The only two homegrown, made-in-India IPs to be exported from India and consumed by the world are IPL and Sunburn. For this, Shailendra received the rare distinction of becoming the first Indian to make it to the EDM’s POWER 50 Global Rankings in 2013.
Over the years, Shailendra made the festival bigger and better by solely focusing on the fan experience beyond the gates.
“Artist lineups come and go, but it was all about the experience of the festival; gathering your friends and leaving the planet behind. I always dedicated 50 percent of my budgets to the artists, and 50 percent to the experience. That’s what worked,” he says.
However, Shailendra grew a little disenchanted when, having built the electronic scene and opened up the market, the competition got so neck-and-neck that success became more about chequebooks and less about the experience.
“Competition is fantastic for business – it compels you to reinvent yourself. But it was turning into bidding war, and Sunburn was losing a bit of its essence of being fan-centric,” he says.
This feeling motivated the decision to become a silent partner at Percept in March earlier this year.
“I had to ask myself – where is the love?”
Looking for newer horizons
The official announcement came recently, but Shailendra had returned to the drawing board years ago to rehash the old epiphany of bringing genuine revelry in music to India.
He shifted gears – and paths – after observing the plight of the 84 million children from the bottom of the pyramid who cannot go to school.
“That statistic was shameful. I just couldn’t ignore that,” he says.
Still a believer in the power of music to unite and heal, he crafted a concept that would turn the whole money-mongering attitude of music festivals on its head. This new paradigm shift in the music scene was Guestlist4Good.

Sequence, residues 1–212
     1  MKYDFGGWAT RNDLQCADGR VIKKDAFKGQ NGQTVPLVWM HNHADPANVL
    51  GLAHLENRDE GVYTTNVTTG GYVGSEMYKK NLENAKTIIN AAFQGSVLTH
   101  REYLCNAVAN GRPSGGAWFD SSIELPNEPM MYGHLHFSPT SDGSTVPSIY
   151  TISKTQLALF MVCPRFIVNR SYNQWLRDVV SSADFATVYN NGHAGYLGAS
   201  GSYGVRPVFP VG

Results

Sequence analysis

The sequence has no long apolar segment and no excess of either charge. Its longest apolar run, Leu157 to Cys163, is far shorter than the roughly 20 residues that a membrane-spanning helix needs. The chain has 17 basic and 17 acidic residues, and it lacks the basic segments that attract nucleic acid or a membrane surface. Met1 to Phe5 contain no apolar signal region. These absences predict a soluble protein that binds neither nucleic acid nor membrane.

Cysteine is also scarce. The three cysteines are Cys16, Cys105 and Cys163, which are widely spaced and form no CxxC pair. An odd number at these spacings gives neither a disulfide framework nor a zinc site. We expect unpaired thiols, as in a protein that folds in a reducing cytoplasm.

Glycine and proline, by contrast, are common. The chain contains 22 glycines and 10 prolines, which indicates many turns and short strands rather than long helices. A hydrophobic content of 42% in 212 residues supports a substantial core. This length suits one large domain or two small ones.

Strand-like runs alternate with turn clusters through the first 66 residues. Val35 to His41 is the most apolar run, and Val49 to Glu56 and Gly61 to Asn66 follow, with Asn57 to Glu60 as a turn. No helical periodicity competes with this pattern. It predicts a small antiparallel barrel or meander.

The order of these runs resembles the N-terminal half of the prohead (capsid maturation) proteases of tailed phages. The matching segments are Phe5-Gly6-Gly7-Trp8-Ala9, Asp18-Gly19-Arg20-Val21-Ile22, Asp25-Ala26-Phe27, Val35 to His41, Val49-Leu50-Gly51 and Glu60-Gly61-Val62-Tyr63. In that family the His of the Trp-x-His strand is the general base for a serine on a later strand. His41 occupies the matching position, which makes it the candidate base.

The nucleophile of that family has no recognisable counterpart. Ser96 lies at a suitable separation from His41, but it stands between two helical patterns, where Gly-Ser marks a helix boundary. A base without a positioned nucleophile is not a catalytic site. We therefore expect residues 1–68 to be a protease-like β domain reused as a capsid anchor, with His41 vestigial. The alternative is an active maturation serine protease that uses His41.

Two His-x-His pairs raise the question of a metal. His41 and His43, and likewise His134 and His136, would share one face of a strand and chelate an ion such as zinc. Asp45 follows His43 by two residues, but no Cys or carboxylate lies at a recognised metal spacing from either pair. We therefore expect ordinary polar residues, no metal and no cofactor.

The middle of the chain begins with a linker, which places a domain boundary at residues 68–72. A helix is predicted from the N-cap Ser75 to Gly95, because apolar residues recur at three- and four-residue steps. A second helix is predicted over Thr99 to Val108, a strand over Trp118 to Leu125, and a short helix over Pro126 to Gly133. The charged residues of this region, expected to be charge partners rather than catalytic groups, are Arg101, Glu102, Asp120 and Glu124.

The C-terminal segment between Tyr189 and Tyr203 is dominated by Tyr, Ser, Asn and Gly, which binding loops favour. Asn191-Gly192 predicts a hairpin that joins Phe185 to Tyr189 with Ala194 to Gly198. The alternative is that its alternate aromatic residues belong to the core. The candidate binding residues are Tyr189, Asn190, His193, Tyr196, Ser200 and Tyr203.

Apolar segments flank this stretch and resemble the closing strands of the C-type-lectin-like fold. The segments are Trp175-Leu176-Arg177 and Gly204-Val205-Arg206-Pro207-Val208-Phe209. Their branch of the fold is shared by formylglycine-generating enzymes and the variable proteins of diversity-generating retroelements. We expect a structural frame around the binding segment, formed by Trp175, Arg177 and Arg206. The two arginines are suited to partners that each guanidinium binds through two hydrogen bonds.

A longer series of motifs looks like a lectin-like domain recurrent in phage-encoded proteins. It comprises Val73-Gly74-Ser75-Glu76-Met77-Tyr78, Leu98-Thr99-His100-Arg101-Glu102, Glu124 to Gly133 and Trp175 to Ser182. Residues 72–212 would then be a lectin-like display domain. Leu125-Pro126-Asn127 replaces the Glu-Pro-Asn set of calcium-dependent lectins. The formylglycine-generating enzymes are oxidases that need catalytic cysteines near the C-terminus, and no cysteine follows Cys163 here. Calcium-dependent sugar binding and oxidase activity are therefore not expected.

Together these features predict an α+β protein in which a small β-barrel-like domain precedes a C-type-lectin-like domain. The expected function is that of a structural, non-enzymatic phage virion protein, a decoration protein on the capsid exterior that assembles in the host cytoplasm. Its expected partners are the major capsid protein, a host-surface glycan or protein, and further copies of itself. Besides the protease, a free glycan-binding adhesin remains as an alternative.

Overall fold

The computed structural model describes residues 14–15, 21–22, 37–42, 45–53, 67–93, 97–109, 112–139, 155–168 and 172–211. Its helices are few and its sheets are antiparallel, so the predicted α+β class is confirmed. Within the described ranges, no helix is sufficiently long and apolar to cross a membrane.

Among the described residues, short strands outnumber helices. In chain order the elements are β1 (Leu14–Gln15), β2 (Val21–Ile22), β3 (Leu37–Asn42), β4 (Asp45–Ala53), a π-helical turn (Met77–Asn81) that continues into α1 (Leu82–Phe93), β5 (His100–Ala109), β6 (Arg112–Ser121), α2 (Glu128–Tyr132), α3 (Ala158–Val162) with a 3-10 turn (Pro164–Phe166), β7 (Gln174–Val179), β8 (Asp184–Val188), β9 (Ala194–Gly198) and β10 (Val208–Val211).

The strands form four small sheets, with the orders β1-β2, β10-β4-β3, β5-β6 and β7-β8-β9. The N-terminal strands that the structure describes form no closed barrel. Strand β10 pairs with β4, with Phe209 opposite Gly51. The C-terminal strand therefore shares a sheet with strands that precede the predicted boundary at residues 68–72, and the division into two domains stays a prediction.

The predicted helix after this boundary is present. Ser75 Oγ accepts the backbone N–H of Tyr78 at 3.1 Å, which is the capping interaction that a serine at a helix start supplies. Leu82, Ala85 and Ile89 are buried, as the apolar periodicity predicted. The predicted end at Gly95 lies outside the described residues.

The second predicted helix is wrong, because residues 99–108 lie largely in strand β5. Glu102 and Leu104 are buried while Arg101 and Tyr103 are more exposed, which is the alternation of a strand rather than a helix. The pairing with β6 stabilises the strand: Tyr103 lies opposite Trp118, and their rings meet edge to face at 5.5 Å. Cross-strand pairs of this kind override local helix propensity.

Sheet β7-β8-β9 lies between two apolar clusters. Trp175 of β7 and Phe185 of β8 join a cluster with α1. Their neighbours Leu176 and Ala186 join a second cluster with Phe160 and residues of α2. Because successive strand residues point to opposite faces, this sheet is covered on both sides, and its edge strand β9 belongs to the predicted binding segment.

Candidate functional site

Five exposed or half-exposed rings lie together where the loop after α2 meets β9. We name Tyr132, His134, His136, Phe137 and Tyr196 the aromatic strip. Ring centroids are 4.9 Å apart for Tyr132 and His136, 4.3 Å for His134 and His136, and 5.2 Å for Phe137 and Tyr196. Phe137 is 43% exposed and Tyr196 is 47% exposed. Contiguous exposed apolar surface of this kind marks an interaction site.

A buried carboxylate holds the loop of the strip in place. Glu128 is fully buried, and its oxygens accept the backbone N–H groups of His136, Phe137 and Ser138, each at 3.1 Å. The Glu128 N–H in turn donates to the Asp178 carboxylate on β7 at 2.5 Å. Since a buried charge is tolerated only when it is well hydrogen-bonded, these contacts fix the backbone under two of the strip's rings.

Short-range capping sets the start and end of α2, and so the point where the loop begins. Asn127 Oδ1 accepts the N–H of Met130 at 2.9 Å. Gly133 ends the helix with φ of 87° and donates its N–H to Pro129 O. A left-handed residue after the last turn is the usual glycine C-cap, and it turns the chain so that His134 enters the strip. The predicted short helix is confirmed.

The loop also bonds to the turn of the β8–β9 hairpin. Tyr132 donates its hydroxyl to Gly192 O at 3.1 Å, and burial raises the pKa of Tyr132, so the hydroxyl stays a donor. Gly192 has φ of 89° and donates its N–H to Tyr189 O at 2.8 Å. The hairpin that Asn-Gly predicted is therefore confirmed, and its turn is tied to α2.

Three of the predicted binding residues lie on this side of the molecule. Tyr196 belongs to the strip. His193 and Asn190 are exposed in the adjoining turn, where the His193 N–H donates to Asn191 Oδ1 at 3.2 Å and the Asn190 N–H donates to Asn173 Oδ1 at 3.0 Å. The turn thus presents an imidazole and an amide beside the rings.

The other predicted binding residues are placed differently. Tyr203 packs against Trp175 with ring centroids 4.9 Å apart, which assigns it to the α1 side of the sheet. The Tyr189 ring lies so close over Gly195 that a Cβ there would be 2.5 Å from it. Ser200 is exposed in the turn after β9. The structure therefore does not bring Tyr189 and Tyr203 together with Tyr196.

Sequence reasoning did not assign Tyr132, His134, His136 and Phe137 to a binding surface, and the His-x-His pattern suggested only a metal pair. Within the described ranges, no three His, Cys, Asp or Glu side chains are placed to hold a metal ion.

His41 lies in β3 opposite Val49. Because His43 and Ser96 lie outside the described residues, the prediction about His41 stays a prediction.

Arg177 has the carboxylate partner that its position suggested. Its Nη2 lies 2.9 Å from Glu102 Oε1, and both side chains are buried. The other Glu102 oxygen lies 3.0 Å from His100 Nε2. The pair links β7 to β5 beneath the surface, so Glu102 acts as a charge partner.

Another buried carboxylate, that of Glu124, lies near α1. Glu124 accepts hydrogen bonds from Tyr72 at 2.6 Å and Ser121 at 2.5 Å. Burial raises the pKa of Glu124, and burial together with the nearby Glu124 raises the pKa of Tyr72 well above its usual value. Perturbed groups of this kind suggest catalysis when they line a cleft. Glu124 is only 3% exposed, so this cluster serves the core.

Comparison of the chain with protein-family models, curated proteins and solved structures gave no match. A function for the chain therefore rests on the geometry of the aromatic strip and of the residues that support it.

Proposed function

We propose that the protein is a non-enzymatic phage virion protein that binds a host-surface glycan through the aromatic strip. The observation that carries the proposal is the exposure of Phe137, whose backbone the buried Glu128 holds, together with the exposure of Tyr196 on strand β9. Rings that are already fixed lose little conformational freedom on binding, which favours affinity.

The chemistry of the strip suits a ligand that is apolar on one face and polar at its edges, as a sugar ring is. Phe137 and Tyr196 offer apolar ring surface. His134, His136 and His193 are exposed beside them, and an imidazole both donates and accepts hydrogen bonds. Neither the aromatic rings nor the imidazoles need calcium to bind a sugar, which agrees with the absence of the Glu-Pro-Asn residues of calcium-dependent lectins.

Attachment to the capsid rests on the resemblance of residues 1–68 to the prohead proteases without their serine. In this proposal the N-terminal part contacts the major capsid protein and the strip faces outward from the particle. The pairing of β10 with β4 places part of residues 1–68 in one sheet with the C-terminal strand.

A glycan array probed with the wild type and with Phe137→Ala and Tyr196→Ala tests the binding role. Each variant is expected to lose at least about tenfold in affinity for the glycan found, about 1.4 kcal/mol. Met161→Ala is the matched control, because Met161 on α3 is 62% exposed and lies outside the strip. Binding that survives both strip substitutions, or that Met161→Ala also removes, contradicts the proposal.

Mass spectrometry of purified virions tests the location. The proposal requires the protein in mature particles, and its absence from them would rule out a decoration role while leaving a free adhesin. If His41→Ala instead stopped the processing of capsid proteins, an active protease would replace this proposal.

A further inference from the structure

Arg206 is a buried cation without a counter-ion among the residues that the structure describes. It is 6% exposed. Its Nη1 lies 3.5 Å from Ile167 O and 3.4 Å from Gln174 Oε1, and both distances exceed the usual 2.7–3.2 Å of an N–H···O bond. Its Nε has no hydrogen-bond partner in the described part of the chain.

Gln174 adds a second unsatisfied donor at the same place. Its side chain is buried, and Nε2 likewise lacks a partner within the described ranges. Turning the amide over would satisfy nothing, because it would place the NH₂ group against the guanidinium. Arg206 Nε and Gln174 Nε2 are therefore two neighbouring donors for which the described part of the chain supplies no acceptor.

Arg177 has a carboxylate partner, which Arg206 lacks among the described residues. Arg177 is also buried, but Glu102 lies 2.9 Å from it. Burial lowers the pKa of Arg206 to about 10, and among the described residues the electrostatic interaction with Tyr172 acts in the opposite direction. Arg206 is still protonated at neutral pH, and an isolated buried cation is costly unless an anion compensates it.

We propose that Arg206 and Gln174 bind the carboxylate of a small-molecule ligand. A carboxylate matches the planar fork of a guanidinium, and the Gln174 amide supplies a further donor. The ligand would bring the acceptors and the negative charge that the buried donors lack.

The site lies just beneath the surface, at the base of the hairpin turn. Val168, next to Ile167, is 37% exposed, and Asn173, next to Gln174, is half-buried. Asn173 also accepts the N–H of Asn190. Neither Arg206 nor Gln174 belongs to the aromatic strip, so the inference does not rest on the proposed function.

The plan was to have artists “donate” their performances – basically perform for free. In return, tens of thousands of fans got to on the “guest list,” by registering on a first-come, first-serve basis to attend the show for free as well. Fans who would like to contribute to the cause could buy donor passes. The resulting proceeds, generated from passes and supporters’ money, would be funnelled to the Magic Bus foundation to educate underprivileged children in India.
Having associated with many NGOs, one organisation and individual that truly struck a chord with Shailendra was Magic Bus, and its Founder, Matthew Spacie.
“They are the most transparent and effective NGO that I have worked with, and Matthew Spacie is a superb human being,” he says.
For their first event, Shailendra invited globally popular Dutch DJ Hardwell to return to India and “donate” his performance.
“He didn’t hesitate at all. He realised that with just one day of his life, he could make a massive difference,” Shailendra says.
The event was groundbreaking, and even earned recognition from the United Nations, since they were able to educate 18,200 children, by taking care of the fees of the full ten-year program at Magic Bus. Chasing the dragon, they attempted a second event, bringing Martin Garrix to Mumbai in November last year. With a footfall of 50,000 fans, they managed to raise funds to educate 10,000 children.
“It’s been magic! 150,000 fans on ground and we’ve educated 28,200 children so far,” Shailendra says.
This weekend, they are to put this grand experiment to the ultimate test. Their biggest “Guestlist Festival” is scheduled to be held on December 2 and 3, 2017, at Mumbai’s DY Patil Stadium, and they plan to hit the 100,000-beneficiary mark through this festival alone.
“What’s special is that it’s an exclusive lineup of only Indian artists, from start to finish,” Shailendra says.
They are Bollywood superstar Adnan Sami to perform his first public live concert in Mumbai, after breaking the record for being the first Asian to sell out Wembley Stadium eight times.
This will also be the world premiere of Mithoon, our “most reclusive composer”, Shailendra says.
“Mithoon and I are releasing an extraordinary Anthem4Good during the closing ceremony. This is a first-in-India, Olympic-style ceremony from 9:50– 9:59 pm,” Shailendra says.
DJ Hardwell will be returning to India, along with some other popular Dutch DJs like W&W, Kill the Buzz and Suyano, for this festival. Popular singer Shaan will also donate his performance.
“I believe in music and entertainment to unite people and make a difference. This is how I have brought back the lost “love” in what I do,” Shailendra says, signing off.